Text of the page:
January 27, 2020

LORENZEN | Why The American Heart Association Believes My Life is Not Worth Living

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I am too expensive to be alive, says the organization tasked with protecting my life. According to the American Heart Association, the “logistics, manpower, financial and resource considerations” of saving my life are not worth it. While admittedly biased, I must respectfully disagree with this adjudication of my value as a human. Where my disagreement with the AHA loses any semblance of respect is in its treatment of others who did not receive the same luck which I did.

My life was saved by blind luck. As I galavanted about the halls of Ransom Everglades Middle School on a Spring day during the 7th grade, my mother stopped home for a quick lunch and saw an advertisement on television. The commercial advertised a free electrocardiogram screening at Nicklaus Children’s Hospital. An EKG maps out the electrical activity of the heart through the placement of electrodes on one’s skin, and is a painless, quick and (at many hospitals) free test. I had never suffered from any cardiac symptoms, but my overprotective mother decided to take me in for the test anyway.

A week later, I was informed that I had Wolff-Parkinson-White Syndrome: a condition which causes one’s heart to beat abnormally quickly. The condition is often relatively benign and does not pose an enormous statistical risk; however, it is known to cause sudden cardiac events for young people who participate in high intensity sports (as I did). Those frequent news stories of a student dying suddenly on the practice field with no prior warning are often from WPW or similar conditions. A few weeks later, a cardiac ablation surgery fully cured my condition.

I got lucky. My life was saved by a random EKG screening which I had absolutely no reason to take. That is why I have a responsibility to write this column — so many young people never receive that stroke of blind luck.

Luck didn’t save Dwyane Mitchell, a 19-year-old high school senior from my hometown of Miami. He died of undetected WPW two weeks before his graduation in 2015.

Luck didn’t save Breanna Vergara, an 11-year-old, also from Miami, who died of undetected WPW in 2014 after collapsing in her ballet class.

Every three days, a U.S. student athlete dies of sudden cardiac arrest. It is the leading killer of U.S. student athletes. Every month, I know I will find a news article from somewhere around the country of a young person dying unexpectedly of an undetected heart condition. I read all those stories. Almost every single child could have been saved by an EKG screening. A painless, five minute and often free test could have prevented their death, and yet, few people even know what an EKG is. They are not informed of the life-saving impact of these tests by their healthcare providers or their schools. EKG screenings should be mandatory for all students in U.S. public schools in the same way immunizations or yearly physicals are. Young people should not die of easily treatable or even curable heart conditions.

The American Heart Association disagrees. They argue that “the logistics, manpower, financial and resource considerations make such a substantial program inapplicable to the U.S. healthcare system.” Without their support, all legislative efforts to enact such change at the federal level remain crippled, leaving EKG testing a proposal which few legislators have ever heard of, let alone considered. The AHA concluded that it would be too expensive to save the lives of 19-year-old Dwyane and 11-year-old Breanna. The AHA concluded that my life was not worth saving. They were supposed to be my advocate in cardiac care, but instead, I had to rely on dumb luck to save my life.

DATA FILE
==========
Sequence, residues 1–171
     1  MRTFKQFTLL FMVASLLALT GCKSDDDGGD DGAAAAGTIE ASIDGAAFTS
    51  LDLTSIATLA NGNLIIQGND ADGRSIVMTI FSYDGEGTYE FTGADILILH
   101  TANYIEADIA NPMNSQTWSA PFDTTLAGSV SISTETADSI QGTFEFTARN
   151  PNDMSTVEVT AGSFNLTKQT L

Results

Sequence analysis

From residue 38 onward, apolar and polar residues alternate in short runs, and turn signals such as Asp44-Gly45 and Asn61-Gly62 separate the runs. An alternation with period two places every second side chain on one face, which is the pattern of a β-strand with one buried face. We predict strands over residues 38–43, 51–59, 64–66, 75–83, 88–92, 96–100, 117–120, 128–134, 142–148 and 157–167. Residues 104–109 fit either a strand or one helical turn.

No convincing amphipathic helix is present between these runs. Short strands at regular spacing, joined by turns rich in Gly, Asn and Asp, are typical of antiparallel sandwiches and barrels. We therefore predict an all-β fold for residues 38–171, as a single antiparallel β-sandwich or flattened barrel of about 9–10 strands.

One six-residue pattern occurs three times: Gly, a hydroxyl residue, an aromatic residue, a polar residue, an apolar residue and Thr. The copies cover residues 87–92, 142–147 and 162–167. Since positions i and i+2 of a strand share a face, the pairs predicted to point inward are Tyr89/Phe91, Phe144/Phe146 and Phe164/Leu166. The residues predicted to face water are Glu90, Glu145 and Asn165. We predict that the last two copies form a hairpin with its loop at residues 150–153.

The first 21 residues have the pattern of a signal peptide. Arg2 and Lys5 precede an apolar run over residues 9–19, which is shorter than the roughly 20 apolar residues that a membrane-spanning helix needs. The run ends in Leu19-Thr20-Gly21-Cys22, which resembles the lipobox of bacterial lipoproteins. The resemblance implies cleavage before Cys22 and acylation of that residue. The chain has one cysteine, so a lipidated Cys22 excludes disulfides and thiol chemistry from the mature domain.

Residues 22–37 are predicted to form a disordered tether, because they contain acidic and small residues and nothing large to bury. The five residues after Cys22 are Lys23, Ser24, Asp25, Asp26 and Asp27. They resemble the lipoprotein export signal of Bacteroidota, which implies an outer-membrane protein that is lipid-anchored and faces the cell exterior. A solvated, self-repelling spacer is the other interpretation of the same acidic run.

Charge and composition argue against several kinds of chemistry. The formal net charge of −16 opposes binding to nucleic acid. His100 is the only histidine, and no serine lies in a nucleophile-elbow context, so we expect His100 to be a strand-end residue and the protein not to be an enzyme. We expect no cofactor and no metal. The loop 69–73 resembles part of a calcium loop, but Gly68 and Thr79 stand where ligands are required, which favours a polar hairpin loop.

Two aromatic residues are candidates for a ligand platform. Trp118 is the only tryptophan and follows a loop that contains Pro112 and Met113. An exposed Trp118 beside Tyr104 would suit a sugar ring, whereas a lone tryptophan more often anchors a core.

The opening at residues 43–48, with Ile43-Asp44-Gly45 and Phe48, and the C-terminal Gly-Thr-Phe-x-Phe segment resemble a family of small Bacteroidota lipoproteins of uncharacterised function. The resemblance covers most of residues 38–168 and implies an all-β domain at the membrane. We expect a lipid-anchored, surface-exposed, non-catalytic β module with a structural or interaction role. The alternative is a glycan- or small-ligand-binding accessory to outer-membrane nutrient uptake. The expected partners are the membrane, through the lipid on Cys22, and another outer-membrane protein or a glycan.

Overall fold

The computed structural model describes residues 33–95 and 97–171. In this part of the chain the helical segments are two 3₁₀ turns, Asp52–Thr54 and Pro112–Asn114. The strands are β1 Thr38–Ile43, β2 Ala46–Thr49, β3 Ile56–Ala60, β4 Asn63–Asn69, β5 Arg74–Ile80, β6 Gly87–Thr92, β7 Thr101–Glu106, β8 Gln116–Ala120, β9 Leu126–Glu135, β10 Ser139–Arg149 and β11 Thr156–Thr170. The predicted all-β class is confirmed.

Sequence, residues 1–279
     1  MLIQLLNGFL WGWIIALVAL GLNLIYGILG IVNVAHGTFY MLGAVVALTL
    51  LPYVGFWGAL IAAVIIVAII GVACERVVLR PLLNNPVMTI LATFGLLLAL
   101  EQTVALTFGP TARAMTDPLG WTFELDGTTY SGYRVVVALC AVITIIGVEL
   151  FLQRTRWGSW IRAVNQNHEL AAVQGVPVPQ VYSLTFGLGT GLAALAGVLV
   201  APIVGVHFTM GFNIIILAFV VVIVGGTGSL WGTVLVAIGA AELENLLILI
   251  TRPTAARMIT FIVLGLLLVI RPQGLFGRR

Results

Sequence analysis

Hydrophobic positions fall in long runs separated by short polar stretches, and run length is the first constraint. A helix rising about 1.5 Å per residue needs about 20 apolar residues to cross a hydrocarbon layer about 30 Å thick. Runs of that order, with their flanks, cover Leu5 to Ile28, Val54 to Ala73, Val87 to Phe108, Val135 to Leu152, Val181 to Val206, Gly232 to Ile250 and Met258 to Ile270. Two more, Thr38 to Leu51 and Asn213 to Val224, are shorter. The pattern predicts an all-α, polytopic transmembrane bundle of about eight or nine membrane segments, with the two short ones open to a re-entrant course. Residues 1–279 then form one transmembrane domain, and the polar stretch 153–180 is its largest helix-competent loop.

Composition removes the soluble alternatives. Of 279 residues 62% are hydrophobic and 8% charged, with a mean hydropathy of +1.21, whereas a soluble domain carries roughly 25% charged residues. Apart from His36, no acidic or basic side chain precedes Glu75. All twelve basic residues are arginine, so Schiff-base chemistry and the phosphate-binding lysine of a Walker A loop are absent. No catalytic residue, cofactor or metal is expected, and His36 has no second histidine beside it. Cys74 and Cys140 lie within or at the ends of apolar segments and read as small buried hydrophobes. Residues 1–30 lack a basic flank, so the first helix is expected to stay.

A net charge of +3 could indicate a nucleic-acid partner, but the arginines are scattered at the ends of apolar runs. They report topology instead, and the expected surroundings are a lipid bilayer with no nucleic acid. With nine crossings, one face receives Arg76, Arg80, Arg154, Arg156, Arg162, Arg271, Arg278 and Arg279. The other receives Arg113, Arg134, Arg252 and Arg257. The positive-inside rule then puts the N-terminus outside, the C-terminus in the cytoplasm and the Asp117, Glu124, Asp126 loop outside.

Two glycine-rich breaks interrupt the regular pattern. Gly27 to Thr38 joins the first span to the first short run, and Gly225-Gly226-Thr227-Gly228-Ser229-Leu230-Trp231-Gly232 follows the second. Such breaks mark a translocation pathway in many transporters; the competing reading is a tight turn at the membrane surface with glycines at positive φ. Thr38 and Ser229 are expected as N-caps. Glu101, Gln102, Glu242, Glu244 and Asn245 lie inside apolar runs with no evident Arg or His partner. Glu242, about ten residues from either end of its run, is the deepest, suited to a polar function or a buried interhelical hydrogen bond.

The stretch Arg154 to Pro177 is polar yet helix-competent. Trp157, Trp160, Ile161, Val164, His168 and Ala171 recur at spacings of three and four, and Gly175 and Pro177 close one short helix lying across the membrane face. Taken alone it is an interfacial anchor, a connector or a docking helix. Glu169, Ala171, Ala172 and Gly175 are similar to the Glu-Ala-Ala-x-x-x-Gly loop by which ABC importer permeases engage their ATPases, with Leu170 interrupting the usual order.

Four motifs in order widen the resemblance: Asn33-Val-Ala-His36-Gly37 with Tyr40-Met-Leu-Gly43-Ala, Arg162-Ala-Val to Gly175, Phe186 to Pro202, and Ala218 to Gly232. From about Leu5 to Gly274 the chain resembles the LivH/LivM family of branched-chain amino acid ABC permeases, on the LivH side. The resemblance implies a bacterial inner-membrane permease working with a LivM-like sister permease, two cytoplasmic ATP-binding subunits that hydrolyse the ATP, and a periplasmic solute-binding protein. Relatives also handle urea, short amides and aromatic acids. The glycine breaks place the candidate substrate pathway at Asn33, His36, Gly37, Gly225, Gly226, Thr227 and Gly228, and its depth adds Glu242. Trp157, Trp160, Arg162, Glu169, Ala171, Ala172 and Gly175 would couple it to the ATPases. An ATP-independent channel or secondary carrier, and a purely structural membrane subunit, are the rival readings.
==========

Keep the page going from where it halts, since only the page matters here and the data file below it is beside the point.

For years, I have fought to raise awareness on this issue, giving speeches, working with the hospital and creating online content to inform the public. I have failed miserably. I was reminded of that as I read the obituary of Paul Benton Fisher-York ‘22, who passed away last month of a “previously undiagnosed heart condition.” I never had the honor of knowing Paul, but my heart is broken over this loss and my sincerest condolences go out to his family. While I do not know if EKG testing could have saved Paul’s life, I do know that EKG screenings are the best way to detect unknown heart conditions and could save the lives of so many young people like him.

I am tired of fighting a battle against  my supposed healthcare ally. I am tired of seeing the lives of innocent young people with bright futures end prematurely due to coldly hyper-rationalized financial and logistical considerations. I am tired of the AHA’s morally bankrupt abdication of its responsibility to advocate on behalf of those afflicted with heart conditions. I am tired of having a surgically repaired heart which breaks like clockwork each month when I open a newspaper and see one of those stories.

As the AHA has failed in living up to its mission to “be a relentless force for a world of longer, healthier lives,” I urge each and every member of the Cornell community to assume their responsibility. Get an EKG. Tell your loved ones to get one. Ask your healthcare provider and school why they are not mandatory. Reach out to your local legislature. Do not allow more innocent young people to die prematurely due to the inaction of the AHA.

Andrew Lorenzen is a sophomore in the College of Arts and Sciences. He can be reached at alorenzen@cornellsun.com. When We’re Sixty Four runs every other Tuesday this semester.